In a multi-institutional study, researchers led by radiology resident Dr. Ningcheng "Peter" Li of OHSU's Dotter Interventional Institute found that Microsoft's HoloLens 2 could be utilized by users to register holographic 3D image models onto the body within seconds, paving the way for clinical adoption of these techniques.
"Our ultimate objective is to achieve real-time, automatic, and accurate holographic model registration for intraprocedural navigation and guidance," said Li, who presented the award-winning research at the recent American Roentgen Ray Society (ARRS) annual meeting.
3D cross-sectional imaging datasets such as CT and MRI have traditionally been projected onto 2D displays and not visualized in true 3D environments, according to Li. Emerging technologies such as 3D printing and augmented reality are changing that dynamic, however.
"True 3D spatial navigation and visualization have been shown to improve anatomical learning, 3D spatial interpretation, and preoperative planning," Li said.
Pilot implementations of AR technologies have been performed recently across multiple specialties, including neurosurgery, urology, and interventional radiology. However, clinical integration of AR has lagged behind research development, he said.
"This is mostly due to a lack of a good imaging registration process, which is crucial for eventual intraprocedural navigational guidance," he said.
Another hindering factor was the limited capabilities of prior-generation augmented reality headsets. In late 2019, however, Microsoft introduced version 2 of its HoloLens, which brought enhancements such as a more ergonomic headset with a larger field of view, higher processing power, and articular gesture tracking. These design improvements yielded improved 3D spatial navigation and manipulation capabilities, according to Li.
In their study, the researchers sought to evaluate registration time and accuracy of a holographic 3D model onto the real-world environment using HoloLens 2. Testing was performed by three attending radiologists, three trainees, and three medical students at two tertiary academic centers -- OHSU and the Hospital of the University of Pennsylvania.
All participants performed three consecutive registration attempts with each of three methods: a one-handed gesture, a two-handed gesture, and an Xbox controller-mediated approach. The goal was to align a 3D holographic model within 1 cm for each of the CT grid's x, y, and z planes.
Importantly, manual registration techniques decreased by more than 80% on the HoloLens 2 when compared with times previously achieved with the HoloLens 1, according to Li.
However, the automatic method still produced the fastest mean registration time:
- Automatic registration: 5.3 seconds
- Two-handed gesture: 24.3 seconds
- One-handed gesture: 27.7 seconds
- Xbox controller: 72.8 seconds
Delving deeper into the data, the researchers noticed a significant improvement in manual registration times over the three consecutive attempts. For many participants, the third manual registering attempts required less than 10 seconds, a speed approaching that of the automatic registration method. There were also no significant differences in registration time or accuracy among participant experience levels.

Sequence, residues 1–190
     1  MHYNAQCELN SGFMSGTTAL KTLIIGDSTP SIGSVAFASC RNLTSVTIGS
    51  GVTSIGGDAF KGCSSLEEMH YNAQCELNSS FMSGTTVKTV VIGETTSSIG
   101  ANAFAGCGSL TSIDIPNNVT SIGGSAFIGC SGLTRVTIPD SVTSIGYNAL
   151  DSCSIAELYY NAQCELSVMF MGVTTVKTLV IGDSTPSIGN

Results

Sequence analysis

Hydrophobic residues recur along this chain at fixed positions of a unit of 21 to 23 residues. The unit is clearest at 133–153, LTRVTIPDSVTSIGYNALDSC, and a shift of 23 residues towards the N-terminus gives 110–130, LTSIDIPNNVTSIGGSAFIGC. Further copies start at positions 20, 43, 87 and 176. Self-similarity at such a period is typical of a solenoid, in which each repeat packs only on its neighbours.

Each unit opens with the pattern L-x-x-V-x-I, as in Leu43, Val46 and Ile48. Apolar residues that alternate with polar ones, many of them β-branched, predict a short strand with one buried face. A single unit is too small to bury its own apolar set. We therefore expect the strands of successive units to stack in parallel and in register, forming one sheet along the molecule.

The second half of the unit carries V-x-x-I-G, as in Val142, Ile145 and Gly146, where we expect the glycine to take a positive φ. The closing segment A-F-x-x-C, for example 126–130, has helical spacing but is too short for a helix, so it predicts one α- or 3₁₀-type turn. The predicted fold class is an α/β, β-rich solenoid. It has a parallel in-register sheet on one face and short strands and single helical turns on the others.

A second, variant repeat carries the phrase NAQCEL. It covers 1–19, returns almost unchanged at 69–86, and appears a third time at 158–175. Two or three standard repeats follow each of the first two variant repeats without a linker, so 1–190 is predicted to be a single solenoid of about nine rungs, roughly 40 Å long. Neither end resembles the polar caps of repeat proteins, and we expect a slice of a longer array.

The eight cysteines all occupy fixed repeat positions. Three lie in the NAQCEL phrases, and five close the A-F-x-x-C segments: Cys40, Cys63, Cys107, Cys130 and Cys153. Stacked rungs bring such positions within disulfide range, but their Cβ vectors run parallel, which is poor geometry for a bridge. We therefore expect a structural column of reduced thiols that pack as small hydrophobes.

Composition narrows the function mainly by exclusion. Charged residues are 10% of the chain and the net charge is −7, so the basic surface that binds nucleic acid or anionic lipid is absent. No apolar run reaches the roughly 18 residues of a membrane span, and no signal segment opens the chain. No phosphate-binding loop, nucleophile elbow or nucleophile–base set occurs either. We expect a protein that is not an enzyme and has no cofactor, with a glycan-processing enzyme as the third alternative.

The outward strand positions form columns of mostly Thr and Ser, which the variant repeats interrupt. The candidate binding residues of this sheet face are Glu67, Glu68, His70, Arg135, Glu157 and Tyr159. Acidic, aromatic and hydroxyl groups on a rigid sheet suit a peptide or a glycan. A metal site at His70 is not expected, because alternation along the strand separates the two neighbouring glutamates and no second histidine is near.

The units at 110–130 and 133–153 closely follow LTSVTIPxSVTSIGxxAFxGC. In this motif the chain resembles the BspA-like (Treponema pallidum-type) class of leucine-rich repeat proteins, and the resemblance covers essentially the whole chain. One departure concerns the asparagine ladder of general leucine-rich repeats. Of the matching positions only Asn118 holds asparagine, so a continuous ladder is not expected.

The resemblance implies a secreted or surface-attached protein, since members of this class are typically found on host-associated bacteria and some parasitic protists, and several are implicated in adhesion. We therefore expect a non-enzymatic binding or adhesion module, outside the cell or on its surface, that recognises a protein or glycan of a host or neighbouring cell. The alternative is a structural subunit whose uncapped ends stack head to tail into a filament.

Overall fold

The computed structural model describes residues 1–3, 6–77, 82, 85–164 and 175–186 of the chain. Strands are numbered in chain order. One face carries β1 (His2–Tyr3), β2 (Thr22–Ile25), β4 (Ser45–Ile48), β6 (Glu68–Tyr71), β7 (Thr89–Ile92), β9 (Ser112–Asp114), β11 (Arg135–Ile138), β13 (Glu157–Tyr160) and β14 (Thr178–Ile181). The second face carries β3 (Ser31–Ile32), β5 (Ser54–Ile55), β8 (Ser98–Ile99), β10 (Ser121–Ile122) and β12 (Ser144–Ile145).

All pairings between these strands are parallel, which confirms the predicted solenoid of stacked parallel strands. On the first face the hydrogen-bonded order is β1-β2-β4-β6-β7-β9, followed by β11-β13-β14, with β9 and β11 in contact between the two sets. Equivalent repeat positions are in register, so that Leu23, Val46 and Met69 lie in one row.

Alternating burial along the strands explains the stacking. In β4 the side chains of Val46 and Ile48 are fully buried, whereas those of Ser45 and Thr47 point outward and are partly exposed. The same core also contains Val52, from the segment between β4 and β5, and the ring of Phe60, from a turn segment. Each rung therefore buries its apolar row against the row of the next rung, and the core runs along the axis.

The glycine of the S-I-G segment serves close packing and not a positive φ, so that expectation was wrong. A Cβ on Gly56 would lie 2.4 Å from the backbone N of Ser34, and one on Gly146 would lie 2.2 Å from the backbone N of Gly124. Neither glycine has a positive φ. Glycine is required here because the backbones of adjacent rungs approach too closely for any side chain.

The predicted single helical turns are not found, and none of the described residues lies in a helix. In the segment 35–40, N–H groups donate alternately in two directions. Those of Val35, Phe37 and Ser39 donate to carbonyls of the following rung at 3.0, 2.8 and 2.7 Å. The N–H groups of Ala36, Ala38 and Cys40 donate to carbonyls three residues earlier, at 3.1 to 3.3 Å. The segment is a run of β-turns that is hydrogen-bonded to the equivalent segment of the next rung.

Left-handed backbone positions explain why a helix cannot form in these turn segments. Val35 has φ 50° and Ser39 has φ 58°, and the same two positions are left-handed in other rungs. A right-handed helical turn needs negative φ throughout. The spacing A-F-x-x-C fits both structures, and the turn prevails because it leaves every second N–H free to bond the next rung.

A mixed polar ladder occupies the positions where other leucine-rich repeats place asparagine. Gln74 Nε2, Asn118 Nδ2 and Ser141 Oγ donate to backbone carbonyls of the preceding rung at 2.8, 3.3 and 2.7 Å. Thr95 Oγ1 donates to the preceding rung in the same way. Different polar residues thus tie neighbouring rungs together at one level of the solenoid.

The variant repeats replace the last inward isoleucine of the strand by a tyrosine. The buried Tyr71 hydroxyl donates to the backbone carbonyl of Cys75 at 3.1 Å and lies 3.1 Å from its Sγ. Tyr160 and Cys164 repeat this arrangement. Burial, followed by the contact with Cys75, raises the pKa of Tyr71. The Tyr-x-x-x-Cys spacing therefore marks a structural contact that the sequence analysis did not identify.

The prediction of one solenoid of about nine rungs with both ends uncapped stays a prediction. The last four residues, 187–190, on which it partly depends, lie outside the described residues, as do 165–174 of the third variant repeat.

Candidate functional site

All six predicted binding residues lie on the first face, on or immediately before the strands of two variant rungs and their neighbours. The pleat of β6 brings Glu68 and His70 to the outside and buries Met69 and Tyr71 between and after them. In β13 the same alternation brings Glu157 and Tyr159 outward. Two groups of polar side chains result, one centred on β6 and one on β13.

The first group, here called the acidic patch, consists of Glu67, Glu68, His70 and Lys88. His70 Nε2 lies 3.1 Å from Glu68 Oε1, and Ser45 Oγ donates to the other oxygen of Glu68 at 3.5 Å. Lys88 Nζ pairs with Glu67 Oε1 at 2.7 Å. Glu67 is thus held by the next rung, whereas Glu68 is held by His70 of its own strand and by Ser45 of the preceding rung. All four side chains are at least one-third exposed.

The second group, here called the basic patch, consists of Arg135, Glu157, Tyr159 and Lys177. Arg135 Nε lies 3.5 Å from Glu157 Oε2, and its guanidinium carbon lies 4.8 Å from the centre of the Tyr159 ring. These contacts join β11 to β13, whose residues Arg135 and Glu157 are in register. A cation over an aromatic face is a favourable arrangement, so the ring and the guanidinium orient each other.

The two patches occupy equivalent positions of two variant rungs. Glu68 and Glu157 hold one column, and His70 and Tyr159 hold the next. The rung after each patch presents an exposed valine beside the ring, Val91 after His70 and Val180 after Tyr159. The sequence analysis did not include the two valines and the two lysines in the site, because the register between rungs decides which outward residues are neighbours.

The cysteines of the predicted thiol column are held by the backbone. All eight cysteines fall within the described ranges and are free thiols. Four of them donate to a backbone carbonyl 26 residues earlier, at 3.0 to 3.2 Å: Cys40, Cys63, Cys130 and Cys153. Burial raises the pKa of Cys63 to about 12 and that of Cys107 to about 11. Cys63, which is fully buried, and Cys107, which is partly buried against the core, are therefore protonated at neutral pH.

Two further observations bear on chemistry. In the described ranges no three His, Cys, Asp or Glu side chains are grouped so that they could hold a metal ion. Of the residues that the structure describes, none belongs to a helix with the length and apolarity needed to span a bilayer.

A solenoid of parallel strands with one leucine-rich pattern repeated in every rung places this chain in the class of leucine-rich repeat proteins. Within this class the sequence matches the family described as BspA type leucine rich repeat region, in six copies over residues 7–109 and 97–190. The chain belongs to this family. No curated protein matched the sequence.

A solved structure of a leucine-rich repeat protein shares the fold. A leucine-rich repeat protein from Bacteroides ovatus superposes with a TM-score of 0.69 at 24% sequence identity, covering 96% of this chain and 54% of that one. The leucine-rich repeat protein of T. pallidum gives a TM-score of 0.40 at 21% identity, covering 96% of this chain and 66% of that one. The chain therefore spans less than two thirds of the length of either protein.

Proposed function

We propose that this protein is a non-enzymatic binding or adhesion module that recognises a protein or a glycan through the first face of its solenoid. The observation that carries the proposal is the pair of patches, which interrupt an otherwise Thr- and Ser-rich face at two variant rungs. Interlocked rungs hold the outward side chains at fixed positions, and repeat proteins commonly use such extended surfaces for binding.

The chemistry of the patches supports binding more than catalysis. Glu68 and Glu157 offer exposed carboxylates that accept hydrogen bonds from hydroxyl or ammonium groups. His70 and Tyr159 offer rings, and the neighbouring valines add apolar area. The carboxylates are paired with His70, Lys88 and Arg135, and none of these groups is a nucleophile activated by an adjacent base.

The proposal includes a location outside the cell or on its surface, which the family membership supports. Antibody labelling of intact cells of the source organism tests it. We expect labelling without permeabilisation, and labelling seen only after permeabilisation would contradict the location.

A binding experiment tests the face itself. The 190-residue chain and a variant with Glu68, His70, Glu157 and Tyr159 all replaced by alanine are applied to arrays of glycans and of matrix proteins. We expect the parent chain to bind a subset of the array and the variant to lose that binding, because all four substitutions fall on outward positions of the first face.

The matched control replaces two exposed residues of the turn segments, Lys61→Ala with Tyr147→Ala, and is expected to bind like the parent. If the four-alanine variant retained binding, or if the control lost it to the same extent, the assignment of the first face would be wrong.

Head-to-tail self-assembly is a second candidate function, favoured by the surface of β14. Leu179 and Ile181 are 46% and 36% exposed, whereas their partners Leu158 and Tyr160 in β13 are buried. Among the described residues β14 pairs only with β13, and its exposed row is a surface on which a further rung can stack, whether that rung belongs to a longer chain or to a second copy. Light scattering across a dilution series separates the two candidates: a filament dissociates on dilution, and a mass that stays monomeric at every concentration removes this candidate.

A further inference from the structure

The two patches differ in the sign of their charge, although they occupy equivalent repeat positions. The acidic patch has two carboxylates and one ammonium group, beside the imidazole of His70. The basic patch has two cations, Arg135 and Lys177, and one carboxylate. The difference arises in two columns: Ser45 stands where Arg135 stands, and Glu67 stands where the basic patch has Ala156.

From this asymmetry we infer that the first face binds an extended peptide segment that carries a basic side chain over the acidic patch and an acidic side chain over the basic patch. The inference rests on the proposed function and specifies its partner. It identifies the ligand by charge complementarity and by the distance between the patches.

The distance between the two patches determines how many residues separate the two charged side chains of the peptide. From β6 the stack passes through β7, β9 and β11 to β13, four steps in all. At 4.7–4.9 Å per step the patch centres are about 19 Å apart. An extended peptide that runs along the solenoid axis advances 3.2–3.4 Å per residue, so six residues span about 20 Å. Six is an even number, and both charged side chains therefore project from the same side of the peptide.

AR-assisted hepatic lesion microwave ablation using the Microsoft HoloLens 2 headset and Medivis SurgicalAR visualization system at OSHU. (A) Dr. Brian Park wearing the Microsoft HoloLens 2 headset during the procedure. (B) Reality visual signals through the operator's eyes. (C) Reality visual signals overlaid with AR 3D hologram generated from a preprocedural CT scan. All images and caption courtesy of Dr. Ningcheng "Peter" Li.
The authors acknowledged several limitations to their study, including its evaluation of only stationary targets and assessment of accuracy on a 2D plane. In addition, background lighting and other environmental variables were not controlled for, Li said. The automatic method also suffers from its use of nonsterile image markers, and there was a significant lag between visualization of the CT grid and successful registration with the HoloLens.
To improve on the registration lag times, the researchers have since developed customized codes that enable the HoloLens 2 to recognize two 2 cm printed sterile markers that have simple QR codes. These markers enable near real-time tracking, Li said.
AR-assisted manipulation and visualization of a patient's preprocedural CT abdomen using the Microsoft HoloLens 2 headset and Medivis SurgicalAR visualization system at Oregon Health & Science University by Dr. Ryan Schenning.
"Imagine using that for holographic model registration on a patient for procedure planning and guidance," he said.
Augmented reality technology may represent another technological breakthrough in procedural visualization, Li said.
"I truly believe that if we could revolutionize the way we visualize, we can revolutionize the way we intervene," Li said.
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